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Respecting Religions Results In Similar Kirpan Rulings, Just By Different Words

MIPTC isn't licensed in Canada, where the rule of law is founded on Napoleonic Code, which is supposedly different than the basis for the rule of law in the United States, with the notable exception of Louisiana, which adopts many elements of its law from the French Code.  Even though the foundation for the laws that rule our two countries differs, the result is frequently the same. 

A decision just handed down in the Supreme Court of Canada is a good example of the similarities in the two approaches to the law, although the wording is much different.  For example, you can compare this Canadian decision with a 1995 Ninth Circuit decision, which also allows students to wear Kirpans (a ceremonial dagger) as long as the blade is dull, it is sewn tightly to the sheath, and worn underneath clothing, reasonable restrictions that don't burden the First Amendment.  There are other similar results based on U.S. laws.  In both countries, it is legal for Sikhs to carry a Kirpan in school, and both countries reached the same decision practically the same way and based on the same protection of freedom of religion.  In accordance with their beliefs, Sikhs have been carrying Kirpans since 1699 (scroll down to the 5Ks).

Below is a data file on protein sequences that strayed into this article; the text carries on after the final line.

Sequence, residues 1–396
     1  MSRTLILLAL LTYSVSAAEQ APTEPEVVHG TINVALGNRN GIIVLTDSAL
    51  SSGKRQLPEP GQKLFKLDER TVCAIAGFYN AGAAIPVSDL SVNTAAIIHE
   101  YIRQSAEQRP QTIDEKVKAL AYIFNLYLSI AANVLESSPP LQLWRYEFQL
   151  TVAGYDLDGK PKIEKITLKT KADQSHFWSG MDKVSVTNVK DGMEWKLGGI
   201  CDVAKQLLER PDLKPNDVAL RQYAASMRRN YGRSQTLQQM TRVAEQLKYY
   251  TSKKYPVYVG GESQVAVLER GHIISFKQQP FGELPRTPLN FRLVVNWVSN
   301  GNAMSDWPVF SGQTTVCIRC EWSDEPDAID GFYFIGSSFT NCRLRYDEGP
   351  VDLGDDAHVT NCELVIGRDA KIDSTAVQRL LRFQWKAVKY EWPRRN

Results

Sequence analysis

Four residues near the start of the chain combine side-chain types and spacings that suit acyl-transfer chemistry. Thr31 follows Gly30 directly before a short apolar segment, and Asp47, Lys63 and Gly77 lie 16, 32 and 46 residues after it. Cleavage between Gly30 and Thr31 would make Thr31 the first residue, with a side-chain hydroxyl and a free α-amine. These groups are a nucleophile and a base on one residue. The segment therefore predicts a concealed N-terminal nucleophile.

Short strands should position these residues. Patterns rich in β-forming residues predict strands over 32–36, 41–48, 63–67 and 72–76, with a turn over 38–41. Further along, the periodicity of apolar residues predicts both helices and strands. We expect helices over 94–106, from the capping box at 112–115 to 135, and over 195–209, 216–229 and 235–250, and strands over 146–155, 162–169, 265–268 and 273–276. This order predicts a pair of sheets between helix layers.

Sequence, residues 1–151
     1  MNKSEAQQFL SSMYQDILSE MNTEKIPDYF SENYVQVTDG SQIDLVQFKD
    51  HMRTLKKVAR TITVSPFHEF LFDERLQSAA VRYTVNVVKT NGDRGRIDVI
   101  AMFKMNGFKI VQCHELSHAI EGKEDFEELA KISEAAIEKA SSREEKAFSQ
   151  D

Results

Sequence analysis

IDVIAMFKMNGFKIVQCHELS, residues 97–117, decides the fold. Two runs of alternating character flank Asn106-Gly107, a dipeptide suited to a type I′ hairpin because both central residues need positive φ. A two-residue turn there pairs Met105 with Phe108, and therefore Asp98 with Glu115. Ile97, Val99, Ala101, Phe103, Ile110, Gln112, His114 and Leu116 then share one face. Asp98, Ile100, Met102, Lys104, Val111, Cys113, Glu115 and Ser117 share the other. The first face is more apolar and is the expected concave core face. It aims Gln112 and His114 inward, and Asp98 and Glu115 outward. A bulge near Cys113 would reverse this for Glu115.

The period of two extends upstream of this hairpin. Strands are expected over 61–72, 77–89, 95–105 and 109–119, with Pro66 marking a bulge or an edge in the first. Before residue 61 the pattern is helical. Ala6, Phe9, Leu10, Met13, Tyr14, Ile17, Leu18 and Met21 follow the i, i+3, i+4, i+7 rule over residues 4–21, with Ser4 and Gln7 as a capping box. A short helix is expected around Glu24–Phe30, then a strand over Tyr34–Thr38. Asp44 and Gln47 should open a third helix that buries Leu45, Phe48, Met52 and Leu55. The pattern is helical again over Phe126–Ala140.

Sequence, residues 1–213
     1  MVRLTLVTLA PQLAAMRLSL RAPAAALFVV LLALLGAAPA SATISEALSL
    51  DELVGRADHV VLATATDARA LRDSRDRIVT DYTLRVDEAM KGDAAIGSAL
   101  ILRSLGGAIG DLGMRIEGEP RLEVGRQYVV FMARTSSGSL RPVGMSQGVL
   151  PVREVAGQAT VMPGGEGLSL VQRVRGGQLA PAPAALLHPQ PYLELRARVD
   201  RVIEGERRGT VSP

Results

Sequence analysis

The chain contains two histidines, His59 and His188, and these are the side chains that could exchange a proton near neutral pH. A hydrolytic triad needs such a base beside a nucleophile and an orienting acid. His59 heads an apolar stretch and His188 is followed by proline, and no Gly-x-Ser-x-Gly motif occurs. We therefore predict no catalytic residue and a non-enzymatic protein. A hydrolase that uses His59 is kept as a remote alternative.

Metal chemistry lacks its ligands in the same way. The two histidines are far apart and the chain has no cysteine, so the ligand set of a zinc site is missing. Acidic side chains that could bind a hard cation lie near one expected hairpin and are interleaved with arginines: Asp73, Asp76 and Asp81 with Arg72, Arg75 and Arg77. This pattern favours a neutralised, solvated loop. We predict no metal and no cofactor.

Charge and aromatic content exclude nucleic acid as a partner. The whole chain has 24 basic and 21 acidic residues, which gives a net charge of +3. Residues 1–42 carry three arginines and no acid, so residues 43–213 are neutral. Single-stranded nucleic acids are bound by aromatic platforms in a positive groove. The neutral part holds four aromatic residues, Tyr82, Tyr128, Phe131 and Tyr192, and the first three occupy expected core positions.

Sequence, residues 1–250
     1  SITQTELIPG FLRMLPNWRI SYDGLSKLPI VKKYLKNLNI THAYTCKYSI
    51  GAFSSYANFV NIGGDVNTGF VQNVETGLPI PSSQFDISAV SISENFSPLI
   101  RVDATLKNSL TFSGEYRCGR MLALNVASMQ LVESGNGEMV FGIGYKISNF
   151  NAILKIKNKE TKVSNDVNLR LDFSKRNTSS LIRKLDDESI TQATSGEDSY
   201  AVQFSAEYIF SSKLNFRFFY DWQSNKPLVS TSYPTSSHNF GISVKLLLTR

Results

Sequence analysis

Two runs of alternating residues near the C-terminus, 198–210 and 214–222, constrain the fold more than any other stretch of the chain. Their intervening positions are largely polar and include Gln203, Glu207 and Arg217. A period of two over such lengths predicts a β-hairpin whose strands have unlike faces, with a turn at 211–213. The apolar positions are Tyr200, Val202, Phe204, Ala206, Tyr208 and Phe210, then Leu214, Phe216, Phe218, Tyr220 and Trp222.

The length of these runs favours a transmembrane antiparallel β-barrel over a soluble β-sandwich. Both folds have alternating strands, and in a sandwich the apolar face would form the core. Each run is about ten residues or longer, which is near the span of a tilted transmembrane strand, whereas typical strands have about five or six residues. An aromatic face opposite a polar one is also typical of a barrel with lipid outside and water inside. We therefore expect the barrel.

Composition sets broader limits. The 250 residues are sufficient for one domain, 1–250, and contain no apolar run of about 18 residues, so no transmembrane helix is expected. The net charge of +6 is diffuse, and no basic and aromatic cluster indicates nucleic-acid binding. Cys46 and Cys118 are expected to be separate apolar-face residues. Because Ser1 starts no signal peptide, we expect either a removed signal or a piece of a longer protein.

The motto of the United Sikhs is "Recognize the Human Race As One."  Given a recent article in this month's National Geographic, I'm inclined to agree. 

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Printer friendly page Permalink Email to a friend Posted by J. Craig Williams on Tuesday, February 28, 2006 at 13:49 Comments Closed (0) |
 
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